I tried crossing, had both feet IN THE CROSSWALK and counted 25 cars blow through. I wrote my city councilor about it. You see, a crosswalk violation is $175. In just two minutes the city would have gotten $4,375 in fines!
You didn’t even mention speed limit laws, which are a bit unusual in that most motorists are actually consciously aware of violating them but do so anyway.
I think everyone should just get in the habit of signaling every time they make a lane change or turn (even into a driveway or parking spot) so it becomes a reflex, even when they think what they are doing is obvious to everyone else. Chances are it isn’t, and redundancy is a great thing with regards to traffic safety. The reality is that when a person is in a car their ability to communicate is significantly muted, so they have a responsibility to use the tools at their disposal consistently to let others know what they are trying to do.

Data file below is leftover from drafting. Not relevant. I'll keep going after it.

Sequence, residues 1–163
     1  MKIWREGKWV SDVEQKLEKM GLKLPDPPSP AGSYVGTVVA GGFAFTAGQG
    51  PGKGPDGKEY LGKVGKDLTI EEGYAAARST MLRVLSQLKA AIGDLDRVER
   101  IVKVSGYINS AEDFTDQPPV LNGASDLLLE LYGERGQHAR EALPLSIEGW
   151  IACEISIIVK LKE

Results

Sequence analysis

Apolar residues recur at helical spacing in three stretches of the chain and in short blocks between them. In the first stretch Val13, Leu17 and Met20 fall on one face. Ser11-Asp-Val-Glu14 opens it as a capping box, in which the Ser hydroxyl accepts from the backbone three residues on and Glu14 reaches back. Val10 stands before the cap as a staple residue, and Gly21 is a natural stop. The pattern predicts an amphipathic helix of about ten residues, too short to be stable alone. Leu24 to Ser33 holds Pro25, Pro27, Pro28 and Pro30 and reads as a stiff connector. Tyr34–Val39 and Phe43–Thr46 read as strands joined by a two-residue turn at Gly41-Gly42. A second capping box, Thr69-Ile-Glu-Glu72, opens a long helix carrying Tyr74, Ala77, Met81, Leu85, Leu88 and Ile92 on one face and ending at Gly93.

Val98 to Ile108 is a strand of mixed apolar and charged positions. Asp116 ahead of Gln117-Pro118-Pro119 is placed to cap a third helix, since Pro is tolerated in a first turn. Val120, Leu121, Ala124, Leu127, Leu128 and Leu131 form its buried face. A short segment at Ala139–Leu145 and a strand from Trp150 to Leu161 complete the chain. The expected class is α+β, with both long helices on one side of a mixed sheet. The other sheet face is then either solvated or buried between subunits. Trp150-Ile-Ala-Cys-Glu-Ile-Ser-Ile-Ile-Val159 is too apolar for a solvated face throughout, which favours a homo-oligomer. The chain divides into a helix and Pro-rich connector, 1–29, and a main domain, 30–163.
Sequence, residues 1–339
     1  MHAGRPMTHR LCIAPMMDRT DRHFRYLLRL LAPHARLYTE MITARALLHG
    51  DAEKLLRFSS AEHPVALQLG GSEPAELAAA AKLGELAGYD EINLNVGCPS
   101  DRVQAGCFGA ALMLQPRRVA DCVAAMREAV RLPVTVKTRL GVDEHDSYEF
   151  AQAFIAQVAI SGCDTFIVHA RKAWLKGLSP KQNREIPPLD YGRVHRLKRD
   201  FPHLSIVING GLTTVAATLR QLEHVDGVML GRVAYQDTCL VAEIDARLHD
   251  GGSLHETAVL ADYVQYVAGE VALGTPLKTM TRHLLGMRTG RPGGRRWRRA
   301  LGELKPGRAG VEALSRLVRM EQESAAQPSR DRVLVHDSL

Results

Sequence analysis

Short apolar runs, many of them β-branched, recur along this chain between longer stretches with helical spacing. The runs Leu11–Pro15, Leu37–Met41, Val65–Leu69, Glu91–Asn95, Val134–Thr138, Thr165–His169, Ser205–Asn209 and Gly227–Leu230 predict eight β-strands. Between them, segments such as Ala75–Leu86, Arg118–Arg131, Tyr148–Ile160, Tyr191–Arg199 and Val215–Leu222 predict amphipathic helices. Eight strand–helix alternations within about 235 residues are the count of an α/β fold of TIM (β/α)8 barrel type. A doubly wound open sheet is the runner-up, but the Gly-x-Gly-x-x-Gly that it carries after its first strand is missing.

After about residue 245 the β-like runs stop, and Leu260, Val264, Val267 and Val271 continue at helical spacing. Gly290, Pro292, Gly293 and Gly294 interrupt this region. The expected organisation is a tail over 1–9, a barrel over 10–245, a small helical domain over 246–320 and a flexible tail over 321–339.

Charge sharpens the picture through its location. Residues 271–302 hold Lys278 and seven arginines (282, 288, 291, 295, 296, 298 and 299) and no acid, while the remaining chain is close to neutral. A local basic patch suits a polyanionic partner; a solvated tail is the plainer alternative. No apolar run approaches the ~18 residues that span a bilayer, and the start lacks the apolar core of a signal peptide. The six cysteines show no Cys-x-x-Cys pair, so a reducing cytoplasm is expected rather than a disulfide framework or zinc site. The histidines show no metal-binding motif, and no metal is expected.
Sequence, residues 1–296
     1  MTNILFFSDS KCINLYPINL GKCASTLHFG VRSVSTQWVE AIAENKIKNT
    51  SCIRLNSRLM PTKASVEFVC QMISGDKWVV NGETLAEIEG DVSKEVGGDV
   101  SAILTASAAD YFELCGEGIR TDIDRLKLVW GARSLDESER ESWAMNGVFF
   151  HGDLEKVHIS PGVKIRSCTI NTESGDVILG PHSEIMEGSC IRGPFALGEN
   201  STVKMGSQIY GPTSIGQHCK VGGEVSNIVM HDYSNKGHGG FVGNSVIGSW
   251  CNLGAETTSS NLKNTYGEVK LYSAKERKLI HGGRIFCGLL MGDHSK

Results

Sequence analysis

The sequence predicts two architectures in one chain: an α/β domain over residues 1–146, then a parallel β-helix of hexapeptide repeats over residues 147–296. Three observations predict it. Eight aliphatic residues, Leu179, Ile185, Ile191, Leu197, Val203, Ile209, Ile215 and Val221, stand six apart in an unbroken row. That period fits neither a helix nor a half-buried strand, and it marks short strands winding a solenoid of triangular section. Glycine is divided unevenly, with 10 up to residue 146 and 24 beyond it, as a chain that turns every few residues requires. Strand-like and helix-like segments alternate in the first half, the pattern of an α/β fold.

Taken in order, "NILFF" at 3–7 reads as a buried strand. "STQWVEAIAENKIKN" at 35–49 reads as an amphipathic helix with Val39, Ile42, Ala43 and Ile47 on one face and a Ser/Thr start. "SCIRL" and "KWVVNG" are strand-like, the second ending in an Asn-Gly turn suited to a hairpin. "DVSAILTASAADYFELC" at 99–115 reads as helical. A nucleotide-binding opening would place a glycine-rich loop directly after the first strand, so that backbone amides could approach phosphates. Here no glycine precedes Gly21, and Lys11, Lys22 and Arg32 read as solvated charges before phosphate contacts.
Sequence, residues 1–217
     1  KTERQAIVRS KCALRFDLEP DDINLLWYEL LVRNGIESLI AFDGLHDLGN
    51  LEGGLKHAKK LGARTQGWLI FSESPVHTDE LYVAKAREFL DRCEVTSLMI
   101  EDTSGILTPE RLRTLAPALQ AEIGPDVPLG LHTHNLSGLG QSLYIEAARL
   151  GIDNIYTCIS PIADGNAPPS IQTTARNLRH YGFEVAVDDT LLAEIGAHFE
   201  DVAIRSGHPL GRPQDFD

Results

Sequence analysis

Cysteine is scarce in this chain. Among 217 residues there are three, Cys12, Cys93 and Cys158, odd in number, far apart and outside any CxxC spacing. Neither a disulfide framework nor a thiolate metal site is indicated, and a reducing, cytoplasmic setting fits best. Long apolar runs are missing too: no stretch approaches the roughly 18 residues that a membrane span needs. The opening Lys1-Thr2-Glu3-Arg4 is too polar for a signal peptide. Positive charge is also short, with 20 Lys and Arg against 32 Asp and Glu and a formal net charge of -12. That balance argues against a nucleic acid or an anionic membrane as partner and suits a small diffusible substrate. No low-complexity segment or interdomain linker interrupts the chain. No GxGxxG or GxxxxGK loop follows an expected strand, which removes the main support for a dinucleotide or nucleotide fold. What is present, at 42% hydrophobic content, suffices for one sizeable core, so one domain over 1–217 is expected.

My main beef is when people don’t signal until they actually start turning. Meanwhile I am queued up behind them on my bike assuming they are going to go straight though, then have to maneuver right and around them while left turning traffic across the intersection refuses to yield to me even after I do a “straight through” signal. Start signaling BEFORE the intersection, not WHILE you are turning!
AMEN!!! You made my point perfectly.
We know cars are dangerous, we know cars can kill. Bicycles killing pedestrians is something new and different so of course it gets more coverage. Also, in several of the car-ped deaths reported in SF recently, the ped was in the wrong–he or she darted into traffic from between two parked cars. The peds slain by the bicyclists were in the crosswalk. And when a driver does behaves egregious negligence, there is an outcry. Such as the DUI who injured a young Philly fan in the .
As more people take up bicycling, there are bound to be more bike-ped accidents, and yes, ped deaths that will result.